Double Taps


johioss

New member
Ok so quick question for you all you long-time tactical shooters and CCW guys. I've shot guns for sporting purposes for a long time but never trained with them for defensive purposes. I would like any advice you have to give on training to shoot in tactical situations. Specifically double taps and how to keep the second shot quick and still on target. Thoughts?

(Oh and FYI, the range I shoot at is run by the parks dept. and is monitored so I can't simulate alot things with live fire)
 

HK4U

New member
If you train over and over to shoot Dbl taps in a real sitution when your life is on the line you may shoot twice and stop. I train to keep shooting until I am empty and have nothing else to shoot or the threat is no longer.
 

PascalFleischman

New member
Ok so quick question for you all you long-time tactical shooters and CCW guys. I've shot guns for sporting purposes for a long time but never trained with them for defensive purposes. I would like any advice you have to give on training to shoot in tactical situations. Specifically double taps and how to keep the second shot quick and still on target. Thoughts?

(Oh and FYI, the range I shoot at is run by the parks dept. and is monitored so I can't simulate alot things with live fire)

I can't draw & fire at my range, either. However, I do simulate a draw by holding the gun by my side as if I am drawing. Then I come up & double-tap. Hit the decocker, and run through about 6 magazines doing that. At the house, MAKE SURE YOUR GUN IS UNLOADED, and practice drawing & dry firing at a mirror.
 

Jay

New member
You're talking about two separate actions that can be mastered independently , and then melded together........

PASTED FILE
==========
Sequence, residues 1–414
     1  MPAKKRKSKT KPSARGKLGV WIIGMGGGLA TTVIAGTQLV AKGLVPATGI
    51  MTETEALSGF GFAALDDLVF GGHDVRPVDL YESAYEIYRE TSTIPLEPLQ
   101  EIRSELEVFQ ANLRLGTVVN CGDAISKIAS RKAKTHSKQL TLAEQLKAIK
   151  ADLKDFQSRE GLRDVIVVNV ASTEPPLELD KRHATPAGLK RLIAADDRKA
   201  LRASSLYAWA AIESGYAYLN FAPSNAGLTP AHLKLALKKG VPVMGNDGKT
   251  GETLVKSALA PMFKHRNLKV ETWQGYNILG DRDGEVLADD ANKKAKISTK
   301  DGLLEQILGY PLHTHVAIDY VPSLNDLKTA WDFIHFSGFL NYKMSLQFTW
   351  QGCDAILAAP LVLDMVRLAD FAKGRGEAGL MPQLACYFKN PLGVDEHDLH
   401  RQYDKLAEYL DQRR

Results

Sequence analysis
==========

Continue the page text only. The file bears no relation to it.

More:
1. Draw and presentation..... obviously unload the firearm, and use the firearm, holster, and belt you will be using all the time. Start slowly..... uncomfortably slow..... speed will come with repetition.

2. The actual double-tap.......

fire one round and slowly return the firearm to the position that replicates the original sight picture........ second shot. No more than one mag or cylinder full at a time. Your arms usually aren't used to being held out there very long. As I said, don't get in a hurry with the second shot. Speed will come with repetition.

and..... when/if you change holsters, or firearms, you get to start all over again....... your muscle memory doesn't like new wrinkles....... :icon_wink:

Video......... YouTube - How to shoot a "double tap".
 
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Double taps take a while to get controlled enought to have two solid hits close to each other and fast. I started out with two controlled pairs...

With two controlled pairs you grab a sight picture, ie everything lined up with focus on the front sight the target and back sights fuzzy, you then take your shot withy typical trigger control. As the slide has completed is cylce and has come back into battery your finger should, while with contact of the trigger, move enough forward to reset the trigger. You then resight you picture and take the second shot. I would practice this until you get fairly fast with it. There is always some argument over targeting with a double tap.

The two classes of thought deal with either no sight picture on the second shot or a flash sight picture. With the first, you sight up with the first shot then follow through with second shot as soon as the gun comes back to rest. You'll find that after lots of practice with controlled pairs this actually with get you fairly accurate with your shots. However, I found it best to follow the second which is a flash sight picture. As your gun retruns down after the first shot, you start your squeeze towards break focusing only on the front sight overshadowing the target and back sights. With practice the two shots come quickly and fairly accurate. I'm no wizard at it, but this is what got me better at dbl taps. :)
 
E

echo_5

Guest
Double taps take a while to get controlled enought to have two solid hits close to each other and fast. I started out with two controlled pairs...

With two controlled pairs you grab a sight picture, ie everything lined up with focus on the front sight the target and back sights fuzzy, you then take your shot withy typical trigger control. As the slide has completed is cylce and has come back into battery your finger should, while with contact of the trigger, move enough forward to reset the trigger. You then resight you picture and take the second shot. I would practice this until you get fairly fast with it. There is always some argument over targeting with a double tap.